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  • Tourist Treasures: Plunder and Collection on the Grand Tour
  • Paul Stock
The English Prize. The Capture of the Westmorland: An Episode of the Grand Tour. An exhibition held at the Ashmolean Museum of Art and Archaeology, 17 May-27 August 2012; and the Yale Center for British Art, 4 October 2012-13 January 2013. Accompanying volume edited by Maria Dolores Sánchez-Jáuregui and Scott Wilcox (New Haven, CT: Yale University Press, 2012). Pp. xiv + 378. $75.00.

The English Prize, an exhibition held at the Ashmolean Museum and the Yale Center for British Art, is a marvelous achievement; rarely have I seen an exhibit which so successfully combines accessibility with scholarly rigor and import. Its focus is the Westmorland, a vessel loaded with objects acquired by British Grand Tourists and captured as war booty by the French in 1779. The cargo—which included books, antiquities, paintings, and prints, as well as olive oil, fish, silk, and medicinal drugs—was then purchased by the Compañia de Lonjistas de Madrid, an organization of Spanish commercial agents. The perishable merchandise was sold quickly, but the crates of art objects languished until 1783 before being sent to the Real Academia de Belles Artes de San Fernando in Madrid for examination. A few objects were purchased by the Spanish king, but the majority were not recovered by the Compañia and were thus absorbed into the Academia's collections. The foundation of the exhibition is a carefully contextualized assembly of the Westmorland's contents based upon painstaking archival work in Spain, Italy, France, and Britain. Crucially, though, it uses the objects as a launching pad for wider discussion about the Grand Tour: the practicalities of travel; the identities of tourists and collectors; the mechanics and aesthetics of the art trade; and the social roles of tutors, artists, and agents. The accompanying volume describes the exhibition as a "time capsule" or "snapshot" of the late eighteenth century, but these are slightly unhelpful phrases that imply unmediated access to a pristine past (ix, 81). In fact, the exhibition does something far more interesting and subtle. It presents a number of interlocking narratives about the interpretation and uses of the past, from the Grand Tourists' preoccupation with supposed classical aesthetics [End Page 323] and values, to the exhibit's own story of archival detection and display. In this respect The English Prize is a meditation on how people use objects to define and interpret both their own culture and the cultures of the past.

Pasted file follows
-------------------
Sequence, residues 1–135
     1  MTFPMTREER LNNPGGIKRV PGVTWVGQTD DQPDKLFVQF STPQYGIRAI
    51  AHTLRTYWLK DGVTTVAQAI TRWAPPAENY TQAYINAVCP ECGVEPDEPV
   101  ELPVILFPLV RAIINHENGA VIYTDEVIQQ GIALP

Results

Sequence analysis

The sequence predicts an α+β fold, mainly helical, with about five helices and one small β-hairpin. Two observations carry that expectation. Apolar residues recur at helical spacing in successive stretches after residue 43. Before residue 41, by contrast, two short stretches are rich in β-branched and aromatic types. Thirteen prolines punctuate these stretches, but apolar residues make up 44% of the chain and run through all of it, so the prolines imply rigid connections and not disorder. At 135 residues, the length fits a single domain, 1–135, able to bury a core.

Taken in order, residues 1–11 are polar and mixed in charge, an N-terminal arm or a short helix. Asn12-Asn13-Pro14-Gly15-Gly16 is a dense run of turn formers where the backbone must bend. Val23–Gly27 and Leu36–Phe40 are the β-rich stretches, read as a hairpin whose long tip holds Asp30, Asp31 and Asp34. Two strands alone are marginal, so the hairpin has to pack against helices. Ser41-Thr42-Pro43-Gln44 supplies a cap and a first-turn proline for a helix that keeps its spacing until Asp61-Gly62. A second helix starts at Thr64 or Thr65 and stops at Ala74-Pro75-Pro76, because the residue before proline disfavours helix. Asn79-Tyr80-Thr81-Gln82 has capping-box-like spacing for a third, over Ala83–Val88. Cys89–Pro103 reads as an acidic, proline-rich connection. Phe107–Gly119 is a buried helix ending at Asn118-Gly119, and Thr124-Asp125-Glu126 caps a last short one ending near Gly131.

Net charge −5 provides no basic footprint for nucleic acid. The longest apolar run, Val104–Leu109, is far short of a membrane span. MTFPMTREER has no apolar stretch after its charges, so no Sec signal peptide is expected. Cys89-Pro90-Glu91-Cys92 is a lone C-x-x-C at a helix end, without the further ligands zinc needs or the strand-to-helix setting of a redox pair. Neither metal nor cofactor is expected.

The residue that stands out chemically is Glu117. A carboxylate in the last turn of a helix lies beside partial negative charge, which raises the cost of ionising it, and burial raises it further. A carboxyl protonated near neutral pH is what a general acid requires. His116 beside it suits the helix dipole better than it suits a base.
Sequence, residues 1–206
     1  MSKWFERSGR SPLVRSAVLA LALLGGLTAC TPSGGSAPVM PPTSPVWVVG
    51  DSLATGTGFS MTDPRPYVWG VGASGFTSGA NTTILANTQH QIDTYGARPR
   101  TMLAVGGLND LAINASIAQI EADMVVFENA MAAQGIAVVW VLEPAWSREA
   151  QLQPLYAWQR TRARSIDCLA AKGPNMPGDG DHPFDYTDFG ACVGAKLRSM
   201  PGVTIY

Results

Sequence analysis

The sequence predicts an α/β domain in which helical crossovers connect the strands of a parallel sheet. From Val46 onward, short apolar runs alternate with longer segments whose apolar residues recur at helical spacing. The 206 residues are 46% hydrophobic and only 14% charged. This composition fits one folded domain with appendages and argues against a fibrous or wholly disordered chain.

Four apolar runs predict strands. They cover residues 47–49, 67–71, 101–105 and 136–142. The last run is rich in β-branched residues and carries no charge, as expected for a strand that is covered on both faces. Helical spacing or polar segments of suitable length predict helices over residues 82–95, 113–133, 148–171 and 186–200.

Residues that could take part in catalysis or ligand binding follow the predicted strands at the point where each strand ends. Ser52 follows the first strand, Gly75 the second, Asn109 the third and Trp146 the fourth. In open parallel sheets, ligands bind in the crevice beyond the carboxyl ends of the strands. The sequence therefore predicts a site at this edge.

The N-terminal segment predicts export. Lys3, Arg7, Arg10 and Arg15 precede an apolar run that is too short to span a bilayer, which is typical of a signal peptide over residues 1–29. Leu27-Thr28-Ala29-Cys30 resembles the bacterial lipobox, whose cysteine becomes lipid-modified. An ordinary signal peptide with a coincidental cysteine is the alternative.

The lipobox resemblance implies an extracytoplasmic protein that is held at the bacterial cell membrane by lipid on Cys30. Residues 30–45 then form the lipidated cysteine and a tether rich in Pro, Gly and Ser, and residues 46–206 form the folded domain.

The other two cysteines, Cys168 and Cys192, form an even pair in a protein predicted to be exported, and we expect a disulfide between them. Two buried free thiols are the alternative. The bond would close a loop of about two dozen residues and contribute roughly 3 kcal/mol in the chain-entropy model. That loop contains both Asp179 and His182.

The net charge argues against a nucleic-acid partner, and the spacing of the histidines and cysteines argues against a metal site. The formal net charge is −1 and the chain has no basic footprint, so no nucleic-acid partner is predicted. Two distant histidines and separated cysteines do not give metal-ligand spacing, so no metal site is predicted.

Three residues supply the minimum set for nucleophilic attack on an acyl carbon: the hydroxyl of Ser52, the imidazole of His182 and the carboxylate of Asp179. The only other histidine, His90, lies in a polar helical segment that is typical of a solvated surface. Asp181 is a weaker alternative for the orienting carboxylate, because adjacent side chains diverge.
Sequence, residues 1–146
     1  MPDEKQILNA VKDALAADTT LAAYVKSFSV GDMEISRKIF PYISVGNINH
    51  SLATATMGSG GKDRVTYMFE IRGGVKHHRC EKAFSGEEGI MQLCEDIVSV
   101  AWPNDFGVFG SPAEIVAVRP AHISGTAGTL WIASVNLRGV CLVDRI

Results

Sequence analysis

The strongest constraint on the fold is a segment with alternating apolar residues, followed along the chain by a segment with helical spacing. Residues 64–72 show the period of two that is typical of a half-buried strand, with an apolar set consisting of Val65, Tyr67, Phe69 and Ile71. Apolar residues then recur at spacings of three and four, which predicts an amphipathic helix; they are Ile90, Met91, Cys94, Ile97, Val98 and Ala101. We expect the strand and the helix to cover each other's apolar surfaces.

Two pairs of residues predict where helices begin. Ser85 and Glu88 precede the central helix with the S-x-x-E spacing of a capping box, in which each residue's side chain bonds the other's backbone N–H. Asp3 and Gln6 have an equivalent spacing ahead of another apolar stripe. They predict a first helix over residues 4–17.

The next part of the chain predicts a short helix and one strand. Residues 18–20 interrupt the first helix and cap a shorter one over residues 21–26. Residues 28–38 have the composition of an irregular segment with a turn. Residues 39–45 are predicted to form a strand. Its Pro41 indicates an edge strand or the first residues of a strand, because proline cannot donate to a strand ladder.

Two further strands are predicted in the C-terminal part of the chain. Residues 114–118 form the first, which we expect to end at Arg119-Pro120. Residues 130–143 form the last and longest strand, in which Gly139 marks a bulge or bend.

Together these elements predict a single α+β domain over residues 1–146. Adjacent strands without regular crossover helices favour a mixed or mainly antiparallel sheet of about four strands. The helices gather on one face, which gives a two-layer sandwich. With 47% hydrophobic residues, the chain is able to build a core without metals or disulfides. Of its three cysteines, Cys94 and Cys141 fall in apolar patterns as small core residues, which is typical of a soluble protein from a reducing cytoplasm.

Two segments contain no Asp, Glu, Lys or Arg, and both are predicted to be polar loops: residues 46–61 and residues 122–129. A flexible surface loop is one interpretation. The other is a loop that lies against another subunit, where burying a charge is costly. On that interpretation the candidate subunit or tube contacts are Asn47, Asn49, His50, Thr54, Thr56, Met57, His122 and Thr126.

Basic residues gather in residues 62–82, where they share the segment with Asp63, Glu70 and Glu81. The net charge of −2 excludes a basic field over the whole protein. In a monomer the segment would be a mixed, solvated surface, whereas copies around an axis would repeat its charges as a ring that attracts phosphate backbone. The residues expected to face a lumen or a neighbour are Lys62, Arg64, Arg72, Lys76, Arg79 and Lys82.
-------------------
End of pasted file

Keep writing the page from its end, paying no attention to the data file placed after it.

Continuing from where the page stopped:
The exhibition's most important theme is the business of tourism in the eighteenth century. It provides a wealth of detail about the commercial life and consumer culture intrinsic to Grand Tourism; articles in the volume explore, among other things, the complexities of the art trade in Rome and the challenges of trading and transportation routes, as well as the convoluted provenance of the Westmorland's cargo. This attentiveness to the circulation of goods and individuals allows us to appreciate the dynamic internationalism of eighteenth-century elite culture, and complicates over-familiar clichés about the emerging "nationalism" or disembodied "cosmopolitanism" of the period. To take one example, a decorative stone tabletop, inlaid with marbles from ancient quarries in Europe, Asia, and Africa (cat. 124), symbolizes not only the economic networks crucial to production and sale, but also the close relationship between antiquarian curiosity and decorative modernity in eighteenth-century thought. Importantly, too, the exhibition shows how the commercial realities of the art market affected aesthetic priorities. For instance, the relative scarcity of available Old Masters, as well as newly restrictive Roman export laws, stoked greater interest in reproductions and off-the-shelf souvenir prints designed for the tourist market. In their article, Jonathan Yarker and Clare Hornsby stress a crucial and underexplored topic: the role of commercial dealers in shaping the artistic interests of patrons and collectors (63-87). This analysis places market forces and business imperatives at the very center of eighteenth-century taste, challenging more conventional interpretations founded solely on aesthetic or moral sensibility. The volume and exhibition focus on the "sociability" of the Grand Tour: that is, the importance of socializing, performance, and public commemoration. In her...


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